Growing up, I was the child who thought the world could do no harm. I thought my skin pruning from being in the pool for too long was the worst thing that could happen. I had no reason to believe that life had unbearable obstacles that could affect me indirectly. I was nine years old when I learned of how my perspective on life was to change. I was leaving for a summer vacation, and while at the airport my mom told me that her doctor was putting her on a new kind of medicine, so when I got home not to get scared when I saw how she had to inject it. My fragile mind was confused and for the next four years I didn’t think anything of it when I saw her “taking the medicine”. Entering high school, I decided that I was not going to let Multiple Sclerosis stand in the way of my mom watching me through the most important years of my life. It was at that time I decided to start a project to get my community involved in battling this disease.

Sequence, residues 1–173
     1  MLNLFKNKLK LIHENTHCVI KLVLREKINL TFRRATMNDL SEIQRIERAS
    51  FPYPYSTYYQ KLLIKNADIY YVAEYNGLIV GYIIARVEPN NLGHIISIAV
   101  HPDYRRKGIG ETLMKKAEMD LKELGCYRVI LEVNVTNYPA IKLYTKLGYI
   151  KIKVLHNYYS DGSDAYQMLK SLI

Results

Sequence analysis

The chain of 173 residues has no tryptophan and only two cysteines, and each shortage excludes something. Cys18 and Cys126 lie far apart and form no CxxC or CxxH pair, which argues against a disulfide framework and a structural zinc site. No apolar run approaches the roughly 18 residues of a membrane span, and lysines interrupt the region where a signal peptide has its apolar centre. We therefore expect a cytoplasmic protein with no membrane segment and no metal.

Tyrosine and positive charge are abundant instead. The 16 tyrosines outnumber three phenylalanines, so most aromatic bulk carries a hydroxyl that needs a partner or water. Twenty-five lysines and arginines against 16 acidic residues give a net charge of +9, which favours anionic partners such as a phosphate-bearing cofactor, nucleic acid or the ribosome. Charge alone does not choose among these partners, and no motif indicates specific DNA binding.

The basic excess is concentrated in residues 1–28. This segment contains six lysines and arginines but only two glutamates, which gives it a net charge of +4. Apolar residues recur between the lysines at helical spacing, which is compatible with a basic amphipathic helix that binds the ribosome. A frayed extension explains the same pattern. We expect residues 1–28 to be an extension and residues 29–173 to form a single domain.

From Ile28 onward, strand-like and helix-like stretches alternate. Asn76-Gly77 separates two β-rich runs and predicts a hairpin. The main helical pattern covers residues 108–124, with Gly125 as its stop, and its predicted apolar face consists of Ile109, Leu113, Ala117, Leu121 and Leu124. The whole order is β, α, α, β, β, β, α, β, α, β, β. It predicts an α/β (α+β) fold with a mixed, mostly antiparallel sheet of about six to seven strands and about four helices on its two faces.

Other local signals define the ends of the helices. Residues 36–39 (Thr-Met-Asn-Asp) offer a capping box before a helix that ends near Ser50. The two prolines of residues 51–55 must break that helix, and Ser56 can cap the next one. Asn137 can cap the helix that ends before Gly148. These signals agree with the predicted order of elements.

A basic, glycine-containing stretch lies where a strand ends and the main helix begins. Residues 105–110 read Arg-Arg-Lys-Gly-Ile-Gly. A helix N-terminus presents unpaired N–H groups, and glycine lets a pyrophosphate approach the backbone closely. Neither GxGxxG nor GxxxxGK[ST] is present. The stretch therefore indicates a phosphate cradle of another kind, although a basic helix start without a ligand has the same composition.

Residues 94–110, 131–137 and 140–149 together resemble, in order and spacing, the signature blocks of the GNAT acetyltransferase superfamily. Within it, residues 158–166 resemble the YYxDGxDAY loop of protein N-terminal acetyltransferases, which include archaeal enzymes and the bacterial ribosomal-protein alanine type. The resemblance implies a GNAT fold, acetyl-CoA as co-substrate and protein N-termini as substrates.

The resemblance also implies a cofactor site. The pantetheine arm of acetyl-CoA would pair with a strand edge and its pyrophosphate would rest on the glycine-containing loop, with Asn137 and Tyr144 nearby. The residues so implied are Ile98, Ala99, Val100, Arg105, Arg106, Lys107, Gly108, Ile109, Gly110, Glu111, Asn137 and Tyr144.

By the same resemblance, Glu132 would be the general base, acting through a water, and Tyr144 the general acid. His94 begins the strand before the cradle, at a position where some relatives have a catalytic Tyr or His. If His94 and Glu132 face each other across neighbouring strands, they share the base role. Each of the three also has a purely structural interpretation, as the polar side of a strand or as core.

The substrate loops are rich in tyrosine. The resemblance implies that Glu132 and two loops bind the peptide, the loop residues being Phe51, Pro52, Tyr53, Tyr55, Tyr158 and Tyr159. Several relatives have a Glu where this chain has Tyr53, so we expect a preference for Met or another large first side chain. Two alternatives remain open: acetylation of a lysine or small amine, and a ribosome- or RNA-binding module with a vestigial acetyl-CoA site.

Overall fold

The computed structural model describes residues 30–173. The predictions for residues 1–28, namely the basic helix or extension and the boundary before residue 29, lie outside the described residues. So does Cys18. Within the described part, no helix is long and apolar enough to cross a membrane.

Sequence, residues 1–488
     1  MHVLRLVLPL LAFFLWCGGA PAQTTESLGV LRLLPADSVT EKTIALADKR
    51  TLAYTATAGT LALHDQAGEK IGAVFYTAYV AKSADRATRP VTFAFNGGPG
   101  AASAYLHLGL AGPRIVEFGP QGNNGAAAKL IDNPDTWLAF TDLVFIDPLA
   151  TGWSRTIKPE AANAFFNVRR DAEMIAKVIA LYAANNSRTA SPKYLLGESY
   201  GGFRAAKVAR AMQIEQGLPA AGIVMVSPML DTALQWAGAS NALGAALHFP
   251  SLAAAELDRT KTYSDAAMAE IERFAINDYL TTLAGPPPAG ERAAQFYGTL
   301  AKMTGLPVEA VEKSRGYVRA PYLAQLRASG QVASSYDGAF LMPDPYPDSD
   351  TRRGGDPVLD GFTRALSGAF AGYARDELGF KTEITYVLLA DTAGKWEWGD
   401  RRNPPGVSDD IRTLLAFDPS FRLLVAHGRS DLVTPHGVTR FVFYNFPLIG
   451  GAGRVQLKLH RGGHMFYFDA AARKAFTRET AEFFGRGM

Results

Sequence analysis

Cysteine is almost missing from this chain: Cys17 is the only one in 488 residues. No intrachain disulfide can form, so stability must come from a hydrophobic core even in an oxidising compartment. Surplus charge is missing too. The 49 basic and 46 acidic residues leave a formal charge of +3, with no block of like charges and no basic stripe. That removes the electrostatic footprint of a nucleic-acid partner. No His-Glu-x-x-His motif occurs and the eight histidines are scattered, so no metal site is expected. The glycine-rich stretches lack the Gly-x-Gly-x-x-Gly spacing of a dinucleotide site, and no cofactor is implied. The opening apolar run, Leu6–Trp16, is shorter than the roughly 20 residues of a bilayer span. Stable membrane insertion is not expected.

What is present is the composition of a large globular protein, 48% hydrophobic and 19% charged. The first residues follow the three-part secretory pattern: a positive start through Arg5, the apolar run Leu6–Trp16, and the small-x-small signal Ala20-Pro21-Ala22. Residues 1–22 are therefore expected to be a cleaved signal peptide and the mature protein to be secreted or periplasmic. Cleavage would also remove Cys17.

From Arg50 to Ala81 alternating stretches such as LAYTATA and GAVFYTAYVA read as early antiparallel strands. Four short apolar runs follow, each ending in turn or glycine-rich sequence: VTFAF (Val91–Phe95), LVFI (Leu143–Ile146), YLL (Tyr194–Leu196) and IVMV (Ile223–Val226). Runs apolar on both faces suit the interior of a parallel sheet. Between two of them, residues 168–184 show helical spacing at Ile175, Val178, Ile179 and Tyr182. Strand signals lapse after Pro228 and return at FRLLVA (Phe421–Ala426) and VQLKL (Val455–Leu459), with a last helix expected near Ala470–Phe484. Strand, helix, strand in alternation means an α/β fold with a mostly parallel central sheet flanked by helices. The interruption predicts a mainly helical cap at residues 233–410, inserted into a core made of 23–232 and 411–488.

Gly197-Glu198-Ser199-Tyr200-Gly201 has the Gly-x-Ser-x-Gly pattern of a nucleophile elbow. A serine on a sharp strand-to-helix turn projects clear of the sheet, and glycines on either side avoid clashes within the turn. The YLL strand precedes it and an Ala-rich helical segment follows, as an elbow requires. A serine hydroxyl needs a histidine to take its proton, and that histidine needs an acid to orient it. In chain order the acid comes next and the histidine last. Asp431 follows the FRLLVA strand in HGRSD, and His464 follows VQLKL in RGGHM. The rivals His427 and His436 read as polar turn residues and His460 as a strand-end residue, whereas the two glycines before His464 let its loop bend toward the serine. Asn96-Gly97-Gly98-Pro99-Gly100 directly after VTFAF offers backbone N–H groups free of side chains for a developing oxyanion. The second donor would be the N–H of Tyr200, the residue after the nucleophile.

I was fully aware that the efforts I put into this project were not going to miraculously result in a cure for MS. All I wanted to do was get the name out there, make my peers aware that cancer isn’t the only disease that affects people; and along the way, raise some money to donate to the MS society to find the cure that would keep my mom out of a wheelchair. Now, four years later, I feel that sense of accomplishment when I see the “believe” key chain holding together the keys of the lady in front of me in the checkout line at the grocery store.
I have never been a shy child. I’ve always been willing to do whatever it takes in a situation. This project has taught me perseverance can never be replaced. I have learned that the world is unaware of some of the things that are happening right before their eyes, whether it be the number of people killed each day, or the efforts that are available for them to help. There is no better feeling in the world then knowing you may have potentially saved a life, and over $3,000 later, I couldn’t ask for a better feeling of accomplishment.